Back To Top

Crime rate surges among the elderly in South Korea

The number of crime cases committed by the elderly has increased significantly from 2010 to 2014 in South Korea, while the general crime rate in the country dropped in the same period, according to figures released by the police here.

The figures showed that crimes committed by Koreans aged 61 or older increased by 35 percent from 2010 to last year, from 111,453 to 150,902. But the total number of crime cases in the country dropped by 5.6 percent, from 1,814,386 to 1,712.435. As of last year, the elderly accounted for 8.8 percent of all criminals. In 2010, they made up 6.1 percent of all criminals in the country.

The increase in the rate of elderly criminals surpassed that of the increase in the elderly population from 2010 to 2014. While the number of crimes committed by senior citizens rose by 35 percent, the elderly population increased by 25.4 percent in the same period. 
More than 80 percent of the Korean elderly are known to spend their leisure time solely by watching TV, while 1.02 million out of 5.42 million senior citizens are reported to be living alone as of this year. (Yonhap)
More than 80 percent of the Korean elderly are known to spend their leisure time solely by watching TV, while 1.02 million out of 5.42 million senior citizens are reported to be living alone as of this year. (Yonhap)

Among the elderly criminals, those who committed violent crimes -- murder, rape, robbery, arson and aggravated assault -- surged dramatically by 61 percent, from 1,129 in 2010 to 1,869 last year. Among the elderly who committed violent crimes, in particular, elderly rapists increased by 75 percent from 2010-2014. A total of 1,699 elderly Koreans were arrested on rape charges last year, accounting for about 89.3 percent of all violent crimes committed by senior citizens.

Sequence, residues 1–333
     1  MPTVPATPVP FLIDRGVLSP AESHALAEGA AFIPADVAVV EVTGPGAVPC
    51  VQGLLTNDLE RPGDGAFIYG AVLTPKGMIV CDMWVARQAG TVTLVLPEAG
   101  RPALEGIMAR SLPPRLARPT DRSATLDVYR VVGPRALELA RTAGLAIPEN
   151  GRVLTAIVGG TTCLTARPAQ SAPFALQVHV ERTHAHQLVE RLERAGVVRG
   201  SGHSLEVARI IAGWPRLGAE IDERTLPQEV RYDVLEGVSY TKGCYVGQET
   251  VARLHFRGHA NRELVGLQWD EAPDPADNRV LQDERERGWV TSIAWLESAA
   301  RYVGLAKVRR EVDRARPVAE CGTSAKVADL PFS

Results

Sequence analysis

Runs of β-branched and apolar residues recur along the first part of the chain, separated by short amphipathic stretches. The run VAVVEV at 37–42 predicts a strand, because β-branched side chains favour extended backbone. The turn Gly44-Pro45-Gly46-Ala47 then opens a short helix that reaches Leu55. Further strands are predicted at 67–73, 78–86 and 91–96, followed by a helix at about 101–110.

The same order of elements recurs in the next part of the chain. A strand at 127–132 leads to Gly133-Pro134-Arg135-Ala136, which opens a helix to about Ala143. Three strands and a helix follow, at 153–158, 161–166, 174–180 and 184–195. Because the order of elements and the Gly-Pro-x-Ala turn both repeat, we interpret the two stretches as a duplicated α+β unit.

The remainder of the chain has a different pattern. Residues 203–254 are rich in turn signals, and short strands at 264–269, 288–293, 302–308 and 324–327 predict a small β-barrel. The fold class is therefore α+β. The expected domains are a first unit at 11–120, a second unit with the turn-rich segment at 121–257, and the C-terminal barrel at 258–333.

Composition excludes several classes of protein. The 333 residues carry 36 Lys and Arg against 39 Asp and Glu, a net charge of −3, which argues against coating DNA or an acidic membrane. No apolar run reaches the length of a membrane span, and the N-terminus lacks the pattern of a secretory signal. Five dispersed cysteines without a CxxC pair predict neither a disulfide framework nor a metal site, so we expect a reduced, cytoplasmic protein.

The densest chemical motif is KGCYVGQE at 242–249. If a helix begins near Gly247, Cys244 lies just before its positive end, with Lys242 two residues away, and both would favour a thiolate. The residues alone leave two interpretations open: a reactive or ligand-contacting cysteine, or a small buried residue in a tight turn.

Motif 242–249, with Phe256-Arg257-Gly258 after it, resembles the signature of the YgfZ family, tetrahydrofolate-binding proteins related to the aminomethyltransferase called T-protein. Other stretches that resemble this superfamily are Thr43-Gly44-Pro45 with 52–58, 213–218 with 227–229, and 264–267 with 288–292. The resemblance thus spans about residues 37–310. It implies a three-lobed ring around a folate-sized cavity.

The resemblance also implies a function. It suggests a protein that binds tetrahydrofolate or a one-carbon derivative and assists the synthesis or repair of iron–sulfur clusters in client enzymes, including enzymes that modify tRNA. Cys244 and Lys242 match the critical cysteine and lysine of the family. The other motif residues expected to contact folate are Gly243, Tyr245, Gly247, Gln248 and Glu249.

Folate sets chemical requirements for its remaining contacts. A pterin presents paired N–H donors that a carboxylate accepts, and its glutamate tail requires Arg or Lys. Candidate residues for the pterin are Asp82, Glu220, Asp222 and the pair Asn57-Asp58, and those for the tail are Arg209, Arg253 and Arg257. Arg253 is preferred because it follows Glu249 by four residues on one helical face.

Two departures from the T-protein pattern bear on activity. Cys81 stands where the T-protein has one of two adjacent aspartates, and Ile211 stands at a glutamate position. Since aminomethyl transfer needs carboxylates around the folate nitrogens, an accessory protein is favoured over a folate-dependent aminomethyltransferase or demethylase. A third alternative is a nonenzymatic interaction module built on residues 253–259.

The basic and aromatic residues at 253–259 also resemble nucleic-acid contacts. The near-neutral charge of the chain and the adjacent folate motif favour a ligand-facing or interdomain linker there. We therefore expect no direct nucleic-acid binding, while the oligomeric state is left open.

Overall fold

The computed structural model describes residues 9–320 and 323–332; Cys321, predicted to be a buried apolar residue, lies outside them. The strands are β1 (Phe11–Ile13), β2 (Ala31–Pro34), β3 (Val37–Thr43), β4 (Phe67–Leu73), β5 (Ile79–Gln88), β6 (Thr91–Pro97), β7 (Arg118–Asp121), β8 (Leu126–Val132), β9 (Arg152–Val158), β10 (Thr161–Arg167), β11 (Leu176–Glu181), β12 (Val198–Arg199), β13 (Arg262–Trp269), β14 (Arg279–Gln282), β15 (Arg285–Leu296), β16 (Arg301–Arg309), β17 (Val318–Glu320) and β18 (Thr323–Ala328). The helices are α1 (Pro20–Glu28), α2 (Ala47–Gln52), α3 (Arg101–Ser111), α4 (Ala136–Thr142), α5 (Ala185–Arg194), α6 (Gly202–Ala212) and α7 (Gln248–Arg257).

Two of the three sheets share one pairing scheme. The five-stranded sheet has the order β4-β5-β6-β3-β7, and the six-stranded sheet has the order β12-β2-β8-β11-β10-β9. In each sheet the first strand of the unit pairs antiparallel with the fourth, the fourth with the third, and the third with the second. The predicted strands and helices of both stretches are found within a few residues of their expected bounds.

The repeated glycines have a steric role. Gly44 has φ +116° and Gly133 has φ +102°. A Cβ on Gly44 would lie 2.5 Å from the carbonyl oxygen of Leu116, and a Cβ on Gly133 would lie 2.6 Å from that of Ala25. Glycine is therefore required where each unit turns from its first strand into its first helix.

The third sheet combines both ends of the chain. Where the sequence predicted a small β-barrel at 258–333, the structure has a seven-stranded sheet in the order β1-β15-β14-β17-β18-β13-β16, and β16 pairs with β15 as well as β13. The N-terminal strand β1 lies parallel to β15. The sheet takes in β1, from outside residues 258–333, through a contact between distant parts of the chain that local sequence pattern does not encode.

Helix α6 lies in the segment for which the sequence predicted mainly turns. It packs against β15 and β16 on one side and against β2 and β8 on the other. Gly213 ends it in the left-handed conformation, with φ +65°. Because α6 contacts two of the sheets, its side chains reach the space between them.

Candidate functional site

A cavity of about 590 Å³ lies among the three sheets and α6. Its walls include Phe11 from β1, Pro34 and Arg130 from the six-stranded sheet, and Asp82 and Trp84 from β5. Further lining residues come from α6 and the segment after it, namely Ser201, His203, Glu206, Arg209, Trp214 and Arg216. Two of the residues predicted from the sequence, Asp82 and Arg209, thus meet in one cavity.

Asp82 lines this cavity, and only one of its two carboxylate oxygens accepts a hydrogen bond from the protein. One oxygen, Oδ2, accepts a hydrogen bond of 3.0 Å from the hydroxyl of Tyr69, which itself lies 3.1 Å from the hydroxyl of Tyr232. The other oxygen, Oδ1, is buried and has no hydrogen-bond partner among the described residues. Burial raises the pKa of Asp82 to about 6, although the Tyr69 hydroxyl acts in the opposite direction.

Also, the number of theft cases committed by the elderly surged by 37.9 percent in the same period, while all theft cases in the country dropped by 16.2 percent. Last year, some 2,280 senior citizens were reported for stealing goods.

Some of the high profile crimes committed by the elderly in recent years include the 2008 Namdaemun Gate fire, in which an arsonist in his 60s set fire to Seoul’s historic Namdaemun gate -- leading to the 550-year-old property’s complete destruction and eventual restoration.

Last year, a man in his 60s was arrested for sexually harassing four elementary school girls by taking photographs of their body parts in Yeongam, South Jeolla Province. In August, a man in his 70s was arrested on rape charges against his step-granddaughter. He reportedly sexually abused the victim about 10 years before, when he was in his 60s and the woman was a teenager.

Rising elderly poverty rates and social isolation are being blamed for surging crime rates among the elderly here. According to the government-funded Korea Labor Institute, 48.6 percent of Koreans over 65 lived below the poverty line as of 2011, the highest rate among the Organization for Economic Cooperation and Development countries.

More than 80 percent of the Korean elderly are known to spend their leisure time solely by watching TV, while 1.02 million out of 5.42 million senior citizens are reported to be living alone as of this year.

Meanwhile, the number of Korean elderly women who have been infected with sexually transmitted diseases increased from 662 in 2010 to 1,447 in 2014. The police earlier this year arrested a total of 33 mid-aged and elderly women, known as “Bacchus ladies,” for illegally selling sex to elderly men spending time at Seoul’s historic Jongmyo Park. Most of the women were 50 or over, while one of them was 81 years old.

“Many things have to be done, but I think education is the key,” said professor Lee Geum-ryong from Sangmyung University. “More senior citizens should be informed about how to stay healthy and safe, how to manage their finances, how to participate in the society and stay connected to the community. Such programs are already available, but there definitely should be more.”

By Claire Lee (dyc@heraldcorp.com)
MOST POPULAR
LATEST NEWS
catch table
Korea Herald daum
subscribe